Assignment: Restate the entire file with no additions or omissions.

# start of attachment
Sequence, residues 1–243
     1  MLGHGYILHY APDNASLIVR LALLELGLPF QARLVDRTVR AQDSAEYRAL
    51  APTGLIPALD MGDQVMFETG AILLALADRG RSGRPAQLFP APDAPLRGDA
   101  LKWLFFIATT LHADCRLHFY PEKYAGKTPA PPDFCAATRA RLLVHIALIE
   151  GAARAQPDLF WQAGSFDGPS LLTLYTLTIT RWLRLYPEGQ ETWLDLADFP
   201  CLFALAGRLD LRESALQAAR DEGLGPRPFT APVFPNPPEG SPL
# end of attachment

Sequence, residues 1–243
     1  MLGHGYILHY APDNASLIVR LALLELGLPF QARLVDRTVR AQDSAEYRAL
    51  APTGLIPALD MGDQVMFETG AILLALADRG RSGRPAQLFP APDAPLRGDA
   101  LKWLFFIATT LHADCRLHFY PEKYAGKTPA PPDFCAATRA RLLVHIALIE
   151  GAARAQPDLF WQAGSFDGPS LLTLYTLTIT RWLRLYPEGQ ETWLDLADFP
   201  CLFALAGRLD LRESALQAAR DEGLGPRPFT APVFPNPPEG SPL